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Strategic Transformation fundamentals
What is Strategic Transformation?
The implementation of large, cross-functional projects and programs to deliver strategic priorities, enterprise-wide efficiencies, or a change in business strategy. Strategic transformation often involves collaboration throughout the entire organization, and aligning work across internal and external people, processes, and technology.
Transformation starts with strategic planning, shifts into cross functional resourcing, and ultimately succeeds or fails within execution and implementation. While many platforms exist that can address different elements of this workflow, Smartsheet takes a holistic approach that includes dedicated consideration for each phase of strategic planning, due diligence, execution, and continuous improvement.
Companies invest significant effort into creating a well-considered strategic plan, but often those transformative plans miss the mark in implementation. Similarly; many vendors provide extensive structure for locking items like OKRs or top line goals, but leave questions about HOW unanswered. Execution can’t be an afterthought with cross functional cooperation and impact at the heart of Strategic Transformation.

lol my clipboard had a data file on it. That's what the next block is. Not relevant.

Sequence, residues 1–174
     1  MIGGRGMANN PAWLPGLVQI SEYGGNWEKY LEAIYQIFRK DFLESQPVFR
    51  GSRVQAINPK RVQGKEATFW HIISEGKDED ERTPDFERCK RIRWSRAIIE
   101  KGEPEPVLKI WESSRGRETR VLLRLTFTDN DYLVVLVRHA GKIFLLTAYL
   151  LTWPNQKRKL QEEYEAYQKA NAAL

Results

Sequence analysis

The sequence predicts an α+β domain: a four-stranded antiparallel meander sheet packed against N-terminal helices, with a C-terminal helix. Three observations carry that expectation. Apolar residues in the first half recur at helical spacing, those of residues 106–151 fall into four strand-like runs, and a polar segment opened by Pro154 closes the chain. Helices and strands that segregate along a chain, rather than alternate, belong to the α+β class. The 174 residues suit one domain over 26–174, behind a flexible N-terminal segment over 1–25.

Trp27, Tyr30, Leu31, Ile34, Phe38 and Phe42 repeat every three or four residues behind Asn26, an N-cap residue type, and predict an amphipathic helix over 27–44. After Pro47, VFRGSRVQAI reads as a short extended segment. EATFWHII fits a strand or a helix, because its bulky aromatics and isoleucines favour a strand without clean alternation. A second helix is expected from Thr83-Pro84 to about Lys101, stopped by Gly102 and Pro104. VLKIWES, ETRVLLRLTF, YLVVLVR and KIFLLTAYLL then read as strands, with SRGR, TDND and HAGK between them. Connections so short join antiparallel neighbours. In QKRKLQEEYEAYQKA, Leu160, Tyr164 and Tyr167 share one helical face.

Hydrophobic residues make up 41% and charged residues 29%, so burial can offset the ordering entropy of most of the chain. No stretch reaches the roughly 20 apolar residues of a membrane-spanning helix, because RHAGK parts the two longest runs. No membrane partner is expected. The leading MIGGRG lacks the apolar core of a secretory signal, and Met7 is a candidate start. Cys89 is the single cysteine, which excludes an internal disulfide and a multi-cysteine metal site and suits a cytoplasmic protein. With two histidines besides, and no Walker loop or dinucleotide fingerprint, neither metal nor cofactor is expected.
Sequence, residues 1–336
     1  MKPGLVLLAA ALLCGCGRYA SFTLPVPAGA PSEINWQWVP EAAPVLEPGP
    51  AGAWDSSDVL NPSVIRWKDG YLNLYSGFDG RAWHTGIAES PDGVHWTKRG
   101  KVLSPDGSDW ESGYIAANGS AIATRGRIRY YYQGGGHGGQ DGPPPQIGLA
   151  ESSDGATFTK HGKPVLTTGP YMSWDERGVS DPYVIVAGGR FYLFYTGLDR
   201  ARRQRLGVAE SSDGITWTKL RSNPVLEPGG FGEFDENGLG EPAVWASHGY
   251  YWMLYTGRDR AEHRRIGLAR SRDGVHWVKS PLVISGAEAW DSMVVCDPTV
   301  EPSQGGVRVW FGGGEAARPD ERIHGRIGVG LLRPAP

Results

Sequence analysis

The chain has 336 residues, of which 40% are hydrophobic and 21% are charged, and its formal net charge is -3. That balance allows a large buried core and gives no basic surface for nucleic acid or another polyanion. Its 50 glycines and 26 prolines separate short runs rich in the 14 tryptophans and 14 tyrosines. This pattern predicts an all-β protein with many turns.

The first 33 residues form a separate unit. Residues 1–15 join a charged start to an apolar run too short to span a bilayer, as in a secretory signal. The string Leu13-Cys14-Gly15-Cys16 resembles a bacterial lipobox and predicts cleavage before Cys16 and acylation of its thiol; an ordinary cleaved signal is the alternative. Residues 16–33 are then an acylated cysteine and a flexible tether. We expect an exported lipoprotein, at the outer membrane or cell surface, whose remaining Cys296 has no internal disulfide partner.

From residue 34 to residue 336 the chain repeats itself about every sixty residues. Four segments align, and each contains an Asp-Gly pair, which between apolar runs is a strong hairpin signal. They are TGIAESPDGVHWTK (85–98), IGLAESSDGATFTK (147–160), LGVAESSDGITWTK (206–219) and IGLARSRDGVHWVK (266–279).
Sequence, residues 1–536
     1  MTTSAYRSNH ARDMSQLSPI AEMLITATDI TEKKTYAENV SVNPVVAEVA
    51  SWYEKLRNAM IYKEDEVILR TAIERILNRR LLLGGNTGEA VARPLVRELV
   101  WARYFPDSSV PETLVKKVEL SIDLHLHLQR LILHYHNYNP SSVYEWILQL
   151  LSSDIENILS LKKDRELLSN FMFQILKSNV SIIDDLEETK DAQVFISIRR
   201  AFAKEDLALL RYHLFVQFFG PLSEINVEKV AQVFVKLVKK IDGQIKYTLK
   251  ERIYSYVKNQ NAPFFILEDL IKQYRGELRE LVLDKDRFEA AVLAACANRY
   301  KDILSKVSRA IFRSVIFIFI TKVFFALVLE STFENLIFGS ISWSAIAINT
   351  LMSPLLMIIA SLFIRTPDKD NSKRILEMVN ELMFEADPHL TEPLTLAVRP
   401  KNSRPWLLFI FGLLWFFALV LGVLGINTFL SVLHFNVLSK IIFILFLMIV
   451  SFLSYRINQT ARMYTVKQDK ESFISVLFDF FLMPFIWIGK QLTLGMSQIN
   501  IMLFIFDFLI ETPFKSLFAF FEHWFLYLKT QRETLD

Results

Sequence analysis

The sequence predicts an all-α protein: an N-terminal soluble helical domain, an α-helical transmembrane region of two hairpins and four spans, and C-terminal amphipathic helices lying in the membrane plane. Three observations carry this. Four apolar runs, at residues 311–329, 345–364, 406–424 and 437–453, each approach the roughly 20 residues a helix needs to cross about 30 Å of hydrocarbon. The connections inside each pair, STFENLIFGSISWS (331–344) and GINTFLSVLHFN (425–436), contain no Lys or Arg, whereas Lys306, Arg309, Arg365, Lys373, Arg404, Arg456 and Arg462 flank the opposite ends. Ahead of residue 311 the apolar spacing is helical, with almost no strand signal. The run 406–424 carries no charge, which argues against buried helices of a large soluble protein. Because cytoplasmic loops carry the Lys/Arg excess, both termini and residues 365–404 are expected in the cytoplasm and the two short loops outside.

Fundamentals of PPM will always be a part of any large scale organizational change. A series of projects and programs lead to a significant re-alignment and mobilization across your workforce. Strategic Transformation typically emerges as a company grows and matures their PPM execution.
Initially, companies focus on managing projects. As companies grow, it becomes necessary for those projects to ladder up to a portfolio. And once a certain level of sophistication or scale is reached, organizations will need to create a Strategic Transformation Office to drive higher level priorities or strategic pivots.
Transformation teams differ from PMOs (“project management offices”) in two important ways: audience and impact. Transformation programs are intentionally run by a distinct set of executive-level stakeholders, accountable to a higher-level audience (often the C suite and board), and they are empowered to pull the business into bold new directions – very different from the projects and stakeholders that support the “day to day” work that takes place within departmental PMOs.